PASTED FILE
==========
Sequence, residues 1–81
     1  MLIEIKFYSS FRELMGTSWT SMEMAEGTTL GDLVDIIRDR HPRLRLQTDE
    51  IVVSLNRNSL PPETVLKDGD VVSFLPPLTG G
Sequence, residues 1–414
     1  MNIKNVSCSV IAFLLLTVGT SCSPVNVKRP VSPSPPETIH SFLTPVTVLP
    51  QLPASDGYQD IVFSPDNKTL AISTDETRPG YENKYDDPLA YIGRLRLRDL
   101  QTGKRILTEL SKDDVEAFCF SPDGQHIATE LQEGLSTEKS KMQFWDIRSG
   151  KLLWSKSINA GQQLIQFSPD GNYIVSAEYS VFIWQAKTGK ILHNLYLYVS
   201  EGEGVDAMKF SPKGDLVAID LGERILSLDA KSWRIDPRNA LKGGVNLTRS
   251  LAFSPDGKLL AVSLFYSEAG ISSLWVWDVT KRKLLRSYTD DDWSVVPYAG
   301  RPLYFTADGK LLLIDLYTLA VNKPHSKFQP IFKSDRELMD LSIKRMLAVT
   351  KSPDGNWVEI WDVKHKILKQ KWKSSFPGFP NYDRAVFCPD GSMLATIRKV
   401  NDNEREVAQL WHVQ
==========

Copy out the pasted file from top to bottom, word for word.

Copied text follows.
Sequence, residues 1–81
     1  MLIEIKFYSS FRELMGTSWT SMEMAEGTTL GDLVDIIRDR HPRLRLQTDE
    51  IVVSLNRNSL PPETVLKDGD VVSFLPPLTG G
Sequence, residues 1–414
     1  MNIKNVSCSV IAFLLLTVGT SCSPVNVKRP VSPSPPETIH SFLTPVTVLP
    51  QLPASDGYQD IVFSPDNKTL AISTDETRPG YENKYDDPLA YIGRLRLRDL
   101  QTGKRILTEL SKDDVEAFCF SPDGQHIATE LQEGLSTEKS KMQFWDIRSG
   151  KLLWSKSINA GQQLIQFSPD GNYIVSAEYS VFIWQAKTGK ILHNLYLYVS
   201  EGEGVDAMKF SPKGDLVAID LGERILSLDA KSWRIDPRNA LKGGVNLTRS
   251  LAFSPDGKLL AVSLFYSEAG ISSLWVWDVT KRKLLRSYTD DDWSVVPYAG
   301  RPLYFTADGK LLLIDLYTLA VNKPHSKFQP IFKSDRELMD LSIKRMLAVT
   351  KSPDGNWVEI WDVKHKILKQ KWKSSFPGFP NYDRAVFCPD GSMLATIRKV
   401  NDNEREVAQL WHVQ